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The Boston Globe

Sports

From the archives | 1994

Inside the Tonya Harding-Nancy Kerrigan practice faceoff

HAMAR, Norway -- Come with me now as I take you step by step from wake-up to that hair-raising moment when Nancy and Tonya step on the ice simultaneously for the first time since The Big Whack.

6:50 a.m. Alarm goes off. Gotta hurry. Only 6 1/2 hours till the American practice begins.

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8:00 a.m. Almost miss the bus. What would I do? I’d have to wait 55 minutes for another one and now we’re down to just 5 1/2 hours till “Dueling Blades” commences.

10:00 a.m. Arrive at Hamar Olympic Ampitheatre. Countdown now T minus-3:25. Discover at least 20 people -- almost all Americans -- have already staked out viewing positions at the cozy practice rink where Skategate will resume. The Ampitheatre doors have opened at 6 a.m., and some say they have been here since then.

This can sometimes be a very weird business.

10:10 a.m. First rumor delivered, gist of which is that Nancy is said to be ‘’fed up” with the media glare and will not be attending this practice session.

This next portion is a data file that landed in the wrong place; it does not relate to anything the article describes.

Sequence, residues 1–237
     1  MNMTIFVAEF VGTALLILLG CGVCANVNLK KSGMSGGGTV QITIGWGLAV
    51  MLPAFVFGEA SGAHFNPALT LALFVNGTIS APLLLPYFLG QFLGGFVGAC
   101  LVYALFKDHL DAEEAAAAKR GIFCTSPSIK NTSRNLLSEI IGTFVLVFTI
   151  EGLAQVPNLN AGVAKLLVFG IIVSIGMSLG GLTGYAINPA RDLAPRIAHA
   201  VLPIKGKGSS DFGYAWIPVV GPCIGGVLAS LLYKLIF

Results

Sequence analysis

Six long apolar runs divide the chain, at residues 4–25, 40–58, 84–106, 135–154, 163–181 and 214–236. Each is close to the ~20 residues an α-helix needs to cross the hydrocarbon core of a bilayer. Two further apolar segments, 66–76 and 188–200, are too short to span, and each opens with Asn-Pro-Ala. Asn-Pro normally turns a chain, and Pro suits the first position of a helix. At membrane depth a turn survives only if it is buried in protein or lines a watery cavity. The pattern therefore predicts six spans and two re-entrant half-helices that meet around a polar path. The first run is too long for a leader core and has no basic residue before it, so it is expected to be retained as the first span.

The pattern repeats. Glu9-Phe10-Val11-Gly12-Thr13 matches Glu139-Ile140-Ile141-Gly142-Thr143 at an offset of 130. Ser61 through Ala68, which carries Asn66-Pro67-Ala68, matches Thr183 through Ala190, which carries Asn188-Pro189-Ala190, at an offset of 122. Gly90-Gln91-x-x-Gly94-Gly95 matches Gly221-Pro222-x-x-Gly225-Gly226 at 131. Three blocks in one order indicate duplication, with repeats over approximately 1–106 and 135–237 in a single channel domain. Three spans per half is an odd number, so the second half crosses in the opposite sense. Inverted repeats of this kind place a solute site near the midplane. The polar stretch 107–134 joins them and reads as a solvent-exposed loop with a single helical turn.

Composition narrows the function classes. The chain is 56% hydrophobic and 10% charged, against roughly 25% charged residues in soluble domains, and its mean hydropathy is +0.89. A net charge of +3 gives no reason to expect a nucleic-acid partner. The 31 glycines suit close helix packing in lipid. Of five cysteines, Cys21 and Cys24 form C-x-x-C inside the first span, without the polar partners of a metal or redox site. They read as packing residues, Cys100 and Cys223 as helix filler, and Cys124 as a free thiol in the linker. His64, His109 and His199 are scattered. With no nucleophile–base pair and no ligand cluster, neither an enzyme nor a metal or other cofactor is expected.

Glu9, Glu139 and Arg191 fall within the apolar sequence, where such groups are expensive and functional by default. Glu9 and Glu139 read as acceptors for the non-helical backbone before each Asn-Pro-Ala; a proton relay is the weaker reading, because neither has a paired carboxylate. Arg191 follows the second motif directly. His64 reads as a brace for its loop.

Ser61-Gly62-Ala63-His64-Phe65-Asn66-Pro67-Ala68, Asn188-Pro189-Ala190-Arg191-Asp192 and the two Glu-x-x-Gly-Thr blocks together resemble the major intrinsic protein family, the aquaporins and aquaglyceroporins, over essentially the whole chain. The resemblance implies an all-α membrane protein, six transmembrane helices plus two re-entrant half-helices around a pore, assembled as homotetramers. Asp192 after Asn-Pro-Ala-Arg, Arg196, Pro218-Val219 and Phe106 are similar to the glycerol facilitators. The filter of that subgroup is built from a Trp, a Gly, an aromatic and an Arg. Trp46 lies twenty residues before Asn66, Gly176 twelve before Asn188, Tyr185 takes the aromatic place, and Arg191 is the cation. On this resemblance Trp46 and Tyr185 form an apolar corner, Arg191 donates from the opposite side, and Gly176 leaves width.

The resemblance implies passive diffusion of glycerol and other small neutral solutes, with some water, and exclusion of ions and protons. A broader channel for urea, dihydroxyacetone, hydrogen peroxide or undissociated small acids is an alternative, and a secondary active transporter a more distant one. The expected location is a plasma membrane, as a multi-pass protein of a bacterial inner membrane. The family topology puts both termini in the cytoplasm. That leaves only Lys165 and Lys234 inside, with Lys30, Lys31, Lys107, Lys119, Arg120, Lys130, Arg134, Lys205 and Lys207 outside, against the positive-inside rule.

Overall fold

10:45 a.m. Two Germans and a Chinese girl take the ice. At least now there’s something to look at.

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10:50 a.m. Not much happening. Open up my international edition of USA Today to study weather map. Countdown at T minus-2:35. Plenty of time to memorize all world temperatures and convert same from Fahrenheit to Celsius.

11:05 a.m. Chinese medal hopeful Lu Chen starts whirling about the ice. Americans never look up.

11:15 a.m. Countdown at T minus-2:10 and press areas starting to fill up. Up till now, it’s been “Hello, how ya doin’?” and smiles all around, but I’m thinking that the feeling of media goodwill will soon be evaporating.

11:30 a.m. Asked politely in words and gestures by a Chinese gentleman if I could put down my newspaper because it is blocking his colleague’s camera lens. I realize the photographer standing at my immediate left is shooting Lu Chen’s entire long program.

Lu skates elegantly and cleanly, and when she is done, so, too, are my new Chinese friends. The photographer breaks down his equipment and leaves. Lu Chen is done, and so are they. Nancy and Tonya Who?

There are 400, maybe 500 press people here, and these two are the only ones who have come specifically to see someone other than Nancy and Tonya.